Reflection from Zahony, Hungary

PDA’s Associate for Migration Accompaniment Ministries, Susan Krehbiel, is currently traveling as part of a PC(USA) delegation to Eastern Europe, meeting with partners responding to the war in Ukraine. Throughout this trip, she will share reflections as time allows.


We met Marina, an engineer, (not her real name) at an overnight shelter in Zahony, Hungary, near the Ukrainian border.  She arrived in today with her husband, leaving her home near Kyiv.  She did not want to leave home, she says.  She had thought about it for a long time.  Due to the power rationing, they only had 4 hours of electricity per day which meant no heat or water either the rest of the day.  She finally felt worn out from the challenges of day to day survival and fear of the unknown, and renewed shelling in the past few days in the city was the last straw. They are headed to Germany.  As she is talking, she pulls out her cellphone and shares with us a photo of her aunt’s home in Kyiv that was bombed.  Only the walls are still standing, there is rubble everywhere.  Then she continues, “this is not war because they are not fighting against an army, they are attacking civilians.  There are tanks in our neighborhood.”  Again, she takes out her cellphone and shows us a video of her neighborhood, regular houses and streets until you see 2 tanks parked on a corner.  Marina’s mother and aunt are still in Kyiv.  Marina and her husband don’t know how long they will stay in Germany, but for now they are searching for peace and rest.  Among others staying at the shelter that night was a young mother from Nigeria with her Ukrainian citizen son.  In the midst of our heavy conversation with Marina, we were greeted by this young child as he ran in and out of the room full of energy and laughter.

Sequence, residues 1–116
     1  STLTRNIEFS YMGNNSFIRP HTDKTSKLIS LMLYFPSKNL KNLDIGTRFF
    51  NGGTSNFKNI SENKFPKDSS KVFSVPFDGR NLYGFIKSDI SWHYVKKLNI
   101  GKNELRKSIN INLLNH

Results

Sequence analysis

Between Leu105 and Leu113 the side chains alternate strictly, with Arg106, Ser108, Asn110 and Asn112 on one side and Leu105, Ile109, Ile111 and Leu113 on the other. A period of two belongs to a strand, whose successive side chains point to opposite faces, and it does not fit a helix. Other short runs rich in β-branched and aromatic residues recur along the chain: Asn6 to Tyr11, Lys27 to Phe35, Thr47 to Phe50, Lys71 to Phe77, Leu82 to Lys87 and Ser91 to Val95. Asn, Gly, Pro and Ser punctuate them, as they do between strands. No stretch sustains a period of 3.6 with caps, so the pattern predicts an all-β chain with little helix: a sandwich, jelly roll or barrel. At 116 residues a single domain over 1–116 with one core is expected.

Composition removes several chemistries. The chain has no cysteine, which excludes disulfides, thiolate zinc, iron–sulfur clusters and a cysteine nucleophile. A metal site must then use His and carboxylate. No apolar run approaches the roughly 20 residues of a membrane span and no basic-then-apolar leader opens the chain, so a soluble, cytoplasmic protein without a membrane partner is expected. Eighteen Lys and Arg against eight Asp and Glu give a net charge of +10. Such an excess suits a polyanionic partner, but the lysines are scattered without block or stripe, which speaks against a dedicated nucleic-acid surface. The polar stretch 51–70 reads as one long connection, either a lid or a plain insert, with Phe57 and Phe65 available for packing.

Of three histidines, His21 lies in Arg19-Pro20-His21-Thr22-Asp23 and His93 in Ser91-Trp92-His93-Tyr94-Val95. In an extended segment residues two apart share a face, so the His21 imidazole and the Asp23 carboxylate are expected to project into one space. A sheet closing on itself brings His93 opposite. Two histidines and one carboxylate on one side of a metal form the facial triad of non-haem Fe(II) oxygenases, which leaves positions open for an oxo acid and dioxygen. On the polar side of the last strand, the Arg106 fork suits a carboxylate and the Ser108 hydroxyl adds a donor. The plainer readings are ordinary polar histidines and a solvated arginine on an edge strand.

The Hungarian Reformed Church Aid (HRCA) is a partner of the Presbyterian Church (U.S.A.) and was the first humanitarian aid organization to set up an aid station in this border town on February 24, 2022.  When a train arrives in the station, several HRCA workers are ready with food boxes to pass out to the Ukrainian refugees. Like Marina, they have traveled for hours from their war torn cities. As the Ukrainians enter the station, HRCA is ready to assist with other basic needs (clothing, diapers, hygiene items), basic information and, sometimes, with needed medical attention.  HRCA operates a shelter in an old school building for those who need a place to stay for a night or two until other arrangements are made.  The Hungarian Government allows Ukrainians to travel free by rail to Budapest and tickets for 3 Euros to Vienna.  There will be more HRCA workers in Budapest to assist with connections.  The number of refugees arriving each day has dropped considerably from last Spring and yet every day, more continue to find their way. Some days only 30 people, other days there are several hundred.

We thanked Marina for sharing her story.  She replied “It is important.  People need to know the truth about what is happening.”  We offered to pray for her family and for her travel. “Prayers sustain us,” she replied.

Photos by Patrik Karsa, HRCA and Susan Krehbiel.

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